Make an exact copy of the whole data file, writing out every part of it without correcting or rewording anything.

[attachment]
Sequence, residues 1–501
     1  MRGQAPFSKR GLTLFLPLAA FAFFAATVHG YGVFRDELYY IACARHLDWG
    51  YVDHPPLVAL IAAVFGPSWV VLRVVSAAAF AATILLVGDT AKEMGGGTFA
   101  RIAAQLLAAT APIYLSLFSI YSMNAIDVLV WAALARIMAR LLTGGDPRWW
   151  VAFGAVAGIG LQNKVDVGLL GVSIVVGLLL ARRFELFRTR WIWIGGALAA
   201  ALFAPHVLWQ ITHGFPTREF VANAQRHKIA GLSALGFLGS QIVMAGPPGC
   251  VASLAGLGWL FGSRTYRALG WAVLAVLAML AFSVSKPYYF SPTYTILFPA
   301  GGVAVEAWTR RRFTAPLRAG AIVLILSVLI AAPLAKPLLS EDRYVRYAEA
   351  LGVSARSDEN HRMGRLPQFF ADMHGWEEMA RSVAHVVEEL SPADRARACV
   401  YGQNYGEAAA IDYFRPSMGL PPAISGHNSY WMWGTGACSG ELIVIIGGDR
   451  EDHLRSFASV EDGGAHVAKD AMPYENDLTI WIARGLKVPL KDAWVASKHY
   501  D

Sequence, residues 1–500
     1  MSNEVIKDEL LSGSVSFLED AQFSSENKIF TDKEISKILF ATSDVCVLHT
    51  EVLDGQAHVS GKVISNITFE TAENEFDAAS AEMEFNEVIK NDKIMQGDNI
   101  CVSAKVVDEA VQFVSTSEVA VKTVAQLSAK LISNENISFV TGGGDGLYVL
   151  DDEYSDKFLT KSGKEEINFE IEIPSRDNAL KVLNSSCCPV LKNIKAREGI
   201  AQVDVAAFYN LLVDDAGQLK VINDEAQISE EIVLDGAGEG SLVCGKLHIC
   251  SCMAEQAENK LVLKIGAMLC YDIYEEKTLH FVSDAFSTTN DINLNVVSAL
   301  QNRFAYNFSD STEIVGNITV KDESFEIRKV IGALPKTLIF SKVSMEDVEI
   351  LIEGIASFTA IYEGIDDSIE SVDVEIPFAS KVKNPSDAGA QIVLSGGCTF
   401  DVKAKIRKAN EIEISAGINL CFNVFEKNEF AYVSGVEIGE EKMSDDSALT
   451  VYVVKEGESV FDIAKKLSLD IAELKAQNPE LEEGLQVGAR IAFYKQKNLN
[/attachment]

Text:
Sequence, residues 1–501
     1  MRGQAPFSKR GLTLFLPLAA FAFFAATVHG YGVFRDELYY IACARHLDWG
    51  YVDHPPLVAL IAAVFGPSWV VLRVVSAAAF AATILLVGDT AKEMGGGTFA
   101  RIAAQLLAAT APIYLSLFSI YSMNAIDVLV WAALARIMAR LLTGGDPRWW
   151  VAFGAVAGIG LQNKVDVGLL GVSIVVGLLL ARRFELFRTR WIWIGGALAA
   201  ALFAPHVLWQ ITHGFPTREF VANAQRHKIA GLSALGFLGS QIVMAGPPGC
   251  VASLAGLGWL FGSRTYRALG WAVLAVLAML AFSVSKPYYF SPTYTILFPA
   301  GGVAVEAWTR RRFTAPLRAG AIVLILSVLI AAPLAKPLLS EDRYVRYAEA
   351  LGVSARSDEN HRMGRLPQFF ADMHGWEEMA RSVAHVVEEL SPADRARACV
   401  YGQNYGEAAA IDYFRPSMGL PPAISGHNSY WMWGTGACSG ELIVIIGGDR
   451  EDHLRSFASV EDGGAHVAKD AMPYENDLTI WIARGLKVPL KDAWVASKHY
   501  D

Sequence, residues 1–500
     1  MSNEVIKDEL LSGSVSFLED AQFSSENKIF TDKEISKILF ATSDVCVLHT
    51  EVLDGQAHVS GKVISNITFE TAENEFDAAS AEMEFNEVIK NDKIMQGDNI
   101  CVSAKVVDEA VQFVSTSEVA VKTVAQLSAK LISNENISFV TGGGDGLYVL
   151  DDEYSDKFLT KSGKEEINFE IEIPSRDNAL KVLNSSCCPV LKNIKAREGI
   201  AQVDVAAFYN LLVDDAGQLK VINDEAQISE EIVLDGAGEG SLVCGKLHIC
   251  SCMAEQAENK LVLKIGAMLC YDIYEEKTLH FVSDAFSTTN DINLNVVSAL
   301  QNRFAYNFSD STEIVGNITV KDESFEIRKV IGALPKTLIF SKVSMEDVEI
   351  LIEGIASFTA IYEGIDDSIE SVDVEIPFAS KVKNPSDAGA QIVLSGGCTF
   401  DVKAKIRKAN EIEISAGINL CFNVFEKNEF AYVSGVEIGE EKMSDDSALT
   451  VYVVKEGESV FDIAKKLSLD IAELKAQNPE LEEGLQVGAR IAFYKQKNLN